1766 and 1820, the Philosophy Chamber, a grand room adjacent to the College Library on Harvard’s Campus, was home to more than one thousand artifacts, images and specimens. Named for the discipline of Natural Philosophy, a cornerstone of the college’s Enlightenment-era curriculum that wove together astronomy, mathematics, physics and other sciences interrogating natural objects and physical phenomena, the Philosophy Chamber served as a lecture hall, experimental lab, picture gallery and convening space. Frequented by an array of artists, scientists, travelers and revolutionaries, the room and its collections stood at the center of artistic and scholarly life at Harvard and the New England region for more than fifty years. The exhibition considers the wide-ranging conversations, debates, and ideas that animated this grand room and the objects and architectural elements that shaped, supported or unintentionally undermined these discourses.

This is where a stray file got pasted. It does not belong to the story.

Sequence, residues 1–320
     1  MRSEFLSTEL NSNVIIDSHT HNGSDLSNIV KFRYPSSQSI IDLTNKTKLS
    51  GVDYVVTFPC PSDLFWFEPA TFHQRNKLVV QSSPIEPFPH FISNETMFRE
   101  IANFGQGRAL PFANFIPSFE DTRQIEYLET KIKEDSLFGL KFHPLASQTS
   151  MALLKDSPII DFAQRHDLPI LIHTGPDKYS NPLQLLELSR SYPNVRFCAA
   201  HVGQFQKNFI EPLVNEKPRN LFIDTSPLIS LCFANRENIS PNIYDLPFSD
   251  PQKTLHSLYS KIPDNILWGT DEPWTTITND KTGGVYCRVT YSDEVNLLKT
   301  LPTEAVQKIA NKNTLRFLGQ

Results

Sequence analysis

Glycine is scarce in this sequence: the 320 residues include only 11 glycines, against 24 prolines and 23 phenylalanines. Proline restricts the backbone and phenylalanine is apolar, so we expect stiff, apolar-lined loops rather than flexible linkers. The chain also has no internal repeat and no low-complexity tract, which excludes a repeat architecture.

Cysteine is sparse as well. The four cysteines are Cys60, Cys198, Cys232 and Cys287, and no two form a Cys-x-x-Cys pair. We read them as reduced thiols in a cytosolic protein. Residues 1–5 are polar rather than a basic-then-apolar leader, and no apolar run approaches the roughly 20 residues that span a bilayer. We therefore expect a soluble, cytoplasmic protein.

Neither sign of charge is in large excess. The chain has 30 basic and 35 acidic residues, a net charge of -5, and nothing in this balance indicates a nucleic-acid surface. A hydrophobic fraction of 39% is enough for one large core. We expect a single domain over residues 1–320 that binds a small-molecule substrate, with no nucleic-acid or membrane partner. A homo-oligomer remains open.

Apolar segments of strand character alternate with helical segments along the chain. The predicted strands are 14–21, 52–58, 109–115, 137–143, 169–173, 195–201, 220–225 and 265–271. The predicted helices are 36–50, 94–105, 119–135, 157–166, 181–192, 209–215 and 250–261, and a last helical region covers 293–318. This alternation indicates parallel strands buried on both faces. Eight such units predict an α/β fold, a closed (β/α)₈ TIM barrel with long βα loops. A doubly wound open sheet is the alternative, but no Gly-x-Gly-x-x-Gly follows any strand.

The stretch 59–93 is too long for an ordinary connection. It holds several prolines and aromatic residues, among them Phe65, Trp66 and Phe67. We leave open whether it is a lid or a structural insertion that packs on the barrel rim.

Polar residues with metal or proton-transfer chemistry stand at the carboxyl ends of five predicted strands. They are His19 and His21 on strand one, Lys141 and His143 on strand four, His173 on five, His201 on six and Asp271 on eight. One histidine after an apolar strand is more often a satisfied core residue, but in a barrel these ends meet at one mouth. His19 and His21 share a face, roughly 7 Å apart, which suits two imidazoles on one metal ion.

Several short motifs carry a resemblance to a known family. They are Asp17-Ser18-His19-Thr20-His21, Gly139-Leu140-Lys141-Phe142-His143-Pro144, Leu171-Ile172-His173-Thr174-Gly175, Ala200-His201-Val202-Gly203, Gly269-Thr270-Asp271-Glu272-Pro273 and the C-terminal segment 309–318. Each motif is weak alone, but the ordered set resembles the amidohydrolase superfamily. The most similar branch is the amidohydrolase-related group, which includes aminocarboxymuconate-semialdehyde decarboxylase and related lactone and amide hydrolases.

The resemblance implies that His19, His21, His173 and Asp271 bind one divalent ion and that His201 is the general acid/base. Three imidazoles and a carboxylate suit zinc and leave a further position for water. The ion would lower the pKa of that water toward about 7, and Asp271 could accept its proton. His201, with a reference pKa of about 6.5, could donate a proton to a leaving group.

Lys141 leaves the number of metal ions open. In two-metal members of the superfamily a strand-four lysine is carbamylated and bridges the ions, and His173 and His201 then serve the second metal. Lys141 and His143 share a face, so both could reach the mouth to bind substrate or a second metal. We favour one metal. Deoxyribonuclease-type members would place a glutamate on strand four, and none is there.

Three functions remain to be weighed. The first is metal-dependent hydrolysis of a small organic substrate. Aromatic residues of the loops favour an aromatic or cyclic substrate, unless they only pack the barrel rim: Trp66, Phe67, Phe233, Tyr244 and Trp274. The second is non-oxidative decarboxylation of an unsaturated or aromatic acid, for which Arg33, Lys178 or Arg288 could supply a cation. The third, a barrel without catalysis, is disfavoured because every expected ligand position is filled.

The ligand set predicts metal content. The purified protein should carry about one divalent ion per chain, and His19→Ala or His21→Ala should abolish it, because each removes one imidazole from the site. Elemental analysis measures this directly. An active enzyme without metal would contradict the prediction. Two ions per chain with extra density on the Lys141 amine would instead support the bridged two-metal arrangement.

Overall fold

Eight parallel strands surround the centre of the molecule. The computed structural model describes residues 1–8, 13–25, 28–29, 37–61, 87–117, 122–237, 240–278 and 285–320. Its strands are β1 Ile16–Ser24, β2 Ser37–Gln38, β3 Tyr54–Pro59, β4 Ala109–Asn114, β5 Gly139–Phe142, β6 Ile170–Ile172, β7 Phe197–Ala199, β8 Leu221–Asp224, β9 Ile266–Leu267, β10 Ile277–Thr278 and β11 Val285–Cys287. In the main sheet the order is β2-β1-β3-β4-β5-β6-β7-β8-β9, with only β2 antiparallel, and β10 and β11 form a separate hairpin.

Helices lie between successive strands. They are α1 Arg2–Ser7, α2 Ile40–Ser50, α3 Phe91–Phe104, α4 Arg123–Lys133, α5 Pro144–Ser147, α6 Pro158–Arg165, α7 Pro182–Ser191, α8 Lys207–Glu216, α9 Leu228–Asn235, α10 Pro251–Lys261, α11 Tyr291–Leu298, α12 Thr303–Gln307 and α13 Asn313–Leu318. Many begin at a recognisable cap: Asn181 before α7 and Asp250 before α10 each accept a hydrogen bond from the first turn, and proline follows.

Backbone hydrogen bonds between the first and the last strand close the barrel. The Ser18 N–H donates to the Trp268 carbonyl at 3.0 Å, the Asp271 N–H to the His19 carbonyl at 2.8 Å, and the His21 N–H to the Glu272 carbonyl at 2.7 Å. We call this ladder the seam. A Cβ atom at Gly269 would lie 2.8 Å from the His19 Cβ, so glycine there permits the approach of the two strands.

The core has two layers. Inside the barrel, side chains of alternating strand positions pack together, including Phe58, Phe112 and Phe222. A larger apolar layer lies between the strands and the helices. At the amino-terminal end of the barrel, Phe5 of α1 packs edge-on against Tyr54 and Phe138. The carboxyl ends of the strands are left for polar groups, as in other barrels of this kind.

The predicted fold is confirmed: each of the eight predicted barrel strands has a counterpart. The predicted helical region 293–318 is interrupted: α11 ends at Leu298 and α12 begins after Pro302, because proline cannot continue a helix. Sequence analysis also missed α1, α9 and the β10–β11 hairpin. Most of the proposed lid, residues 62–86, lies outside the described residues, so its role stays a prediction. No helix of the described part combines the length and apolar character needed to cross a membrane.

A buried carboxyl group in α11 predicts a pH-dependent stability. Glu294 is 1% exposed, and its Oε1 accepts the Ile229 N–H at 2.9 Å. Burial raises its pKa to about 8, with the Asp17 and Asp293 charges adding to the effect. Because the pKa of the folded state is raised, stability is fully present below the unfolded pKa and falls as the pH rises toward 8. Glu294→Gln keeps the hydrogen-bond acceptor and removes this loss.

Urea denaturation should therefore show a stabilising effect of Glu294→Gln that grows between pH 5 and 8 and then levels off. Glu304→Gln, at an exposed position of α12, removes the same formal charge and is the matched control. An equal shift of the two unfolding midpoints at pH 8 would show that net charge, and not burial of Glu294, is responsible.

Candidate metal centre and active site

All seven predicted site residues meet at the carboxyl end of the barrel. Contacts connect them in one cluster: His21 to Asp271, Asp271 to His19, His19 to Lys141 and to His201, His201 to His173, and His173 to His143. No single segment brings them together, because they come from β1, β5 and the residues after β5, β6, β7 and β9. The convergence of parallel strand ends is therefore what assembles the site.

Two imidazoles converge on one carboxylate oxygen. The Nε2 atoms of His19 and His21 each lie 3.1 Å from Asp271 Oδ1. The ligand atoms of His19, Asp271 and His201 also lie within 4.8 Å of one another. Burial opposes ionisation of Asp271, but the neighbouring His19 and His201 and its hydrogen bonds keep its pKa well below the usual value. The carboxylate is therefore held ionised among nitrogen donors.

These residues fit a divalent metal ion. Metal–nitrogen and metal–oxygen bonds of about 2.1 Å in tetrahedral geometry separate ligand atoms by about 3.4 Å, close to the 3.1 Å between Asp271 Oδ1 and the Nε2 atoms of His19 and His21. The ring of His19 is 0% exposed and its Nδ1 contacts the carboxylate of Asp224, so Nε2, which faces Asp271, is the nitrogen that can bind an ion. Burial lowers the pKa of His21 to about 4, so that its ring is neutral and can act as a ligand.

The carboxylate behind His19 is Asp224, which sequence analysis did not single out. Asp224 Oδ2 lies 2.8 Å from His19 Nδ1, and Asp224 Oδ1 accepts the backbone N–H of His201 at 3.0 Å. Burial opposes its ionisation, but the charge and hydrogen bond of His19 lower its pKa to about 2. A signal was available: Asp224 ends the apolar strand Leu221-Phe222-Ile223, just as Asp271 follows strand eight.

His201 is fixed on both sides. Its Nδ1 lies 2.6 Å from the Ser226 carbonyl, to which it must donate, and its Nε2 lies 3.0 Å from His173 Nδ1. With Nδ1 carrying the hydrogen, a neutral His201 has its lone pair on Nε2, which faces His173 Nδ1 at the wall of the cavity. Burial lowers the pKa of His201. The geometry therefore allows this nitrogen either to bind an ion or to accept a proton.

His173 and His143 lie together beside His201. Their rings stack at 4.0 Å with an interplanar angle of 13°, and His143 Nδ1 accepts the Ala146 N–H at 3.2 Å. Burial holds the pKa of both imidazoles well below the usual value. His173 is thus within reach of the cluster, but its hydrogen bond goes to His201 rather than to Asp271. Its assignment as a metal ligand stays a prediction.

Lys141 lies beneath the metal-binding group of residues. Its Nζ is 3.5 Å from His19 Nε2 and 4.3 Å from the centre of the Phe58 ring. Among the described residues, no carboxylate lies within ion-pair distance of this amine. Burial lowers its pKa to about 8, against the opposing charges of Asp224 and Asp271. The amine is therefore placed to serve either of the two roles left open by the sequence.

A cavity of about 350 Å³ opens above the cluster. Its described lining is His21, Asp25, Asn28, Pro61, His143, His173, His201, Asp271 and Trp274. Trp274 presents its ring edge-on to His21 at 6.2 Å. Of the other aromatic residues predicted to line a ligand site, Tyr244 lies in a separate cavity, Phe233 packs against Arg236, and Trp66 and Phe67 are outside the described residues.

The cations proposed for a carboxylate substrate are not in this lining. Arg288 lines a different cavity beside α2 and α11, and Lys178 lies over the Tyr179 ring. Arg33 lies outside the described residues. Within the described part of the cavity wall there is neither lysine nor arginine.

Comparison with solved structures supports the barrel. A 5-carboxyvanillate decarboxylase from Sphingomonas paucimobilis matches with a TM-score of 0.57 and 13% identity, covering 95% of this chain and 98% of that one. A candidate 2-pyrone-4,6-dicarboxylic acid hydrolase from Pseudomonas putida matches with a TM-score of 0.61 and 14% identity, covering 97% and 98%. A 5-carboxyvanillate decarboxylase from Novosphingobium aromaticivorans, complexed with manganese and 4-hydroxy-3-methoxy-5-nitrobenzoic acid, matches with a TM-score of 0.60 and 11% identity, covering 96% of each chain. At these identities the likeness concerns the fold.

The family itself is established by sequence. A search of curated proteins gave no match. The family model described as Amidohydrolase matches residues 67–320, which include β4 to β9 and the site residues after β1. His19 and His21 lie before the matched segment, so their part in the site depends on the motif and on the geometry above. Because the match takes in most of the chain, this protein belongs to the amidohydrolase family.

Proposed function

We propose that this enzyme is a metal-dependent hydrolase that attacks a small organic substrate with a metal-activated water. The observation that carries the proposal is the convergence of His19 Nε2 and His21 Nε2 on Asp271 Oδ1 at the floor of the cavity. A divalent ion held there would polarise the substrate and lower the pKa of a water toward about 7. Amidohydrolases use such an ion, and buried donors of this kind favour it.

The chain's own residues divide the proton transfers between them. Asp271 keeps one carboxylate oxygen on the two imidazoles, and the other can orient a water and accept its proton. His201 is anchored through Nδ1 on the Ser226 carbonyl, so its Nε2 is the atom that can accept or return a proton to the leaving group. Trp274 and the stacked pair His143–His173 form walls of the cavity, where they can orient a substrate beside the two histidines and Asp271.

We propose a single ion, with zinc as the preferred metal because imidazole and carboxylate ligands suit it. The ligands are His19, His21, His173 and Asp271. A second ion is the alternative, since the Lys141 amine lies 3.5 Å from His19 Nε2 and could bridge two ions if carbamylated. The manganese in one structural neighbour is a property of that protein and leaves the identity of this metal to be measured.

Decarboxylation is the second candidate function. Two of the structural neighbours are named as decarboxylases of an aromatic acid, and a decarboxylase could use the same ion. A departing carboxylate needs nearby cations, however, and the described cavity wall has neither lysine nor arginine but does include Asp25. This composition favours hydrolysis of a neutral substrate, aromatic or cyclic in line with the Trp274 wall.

Potential case study “rooms” include:
    •    Teaching cabinets
    •    Workshops
    •    Civic spaces
    •    Laboratories
    •    Domestic spaces
    •    Toxic rooms
    •    Secret rooms
    •    Studies or offices
    •    Artist studios
    •    Theaters
    •    Classrooms or lecture halls
    •    Chatrooms or other digital “rooms” and platforms
    •    Museum and gallery installations
    •    Exchanges
    •    Train Stations
    •    Ruins, war-torn rooms

    Due the interdisciplinary nature of this symposium, we welcome proposals from a variety of fields, including art history, architectural history, material culture studies, history, English and literature studies, American studies, anthropology, and archaeology, as well as the fine arts.

    To apply, please submit a 300-word abstract and two-page CV to by April 15, 2017.

SAH thanks The Richard H. Driehaus Foundation Fund at The Chicago Community Foundation for its operating support.
Society of Architectural Historians
1365 N. Astor Street
Chicago, Illinois 60610
Copyright - (c) 2012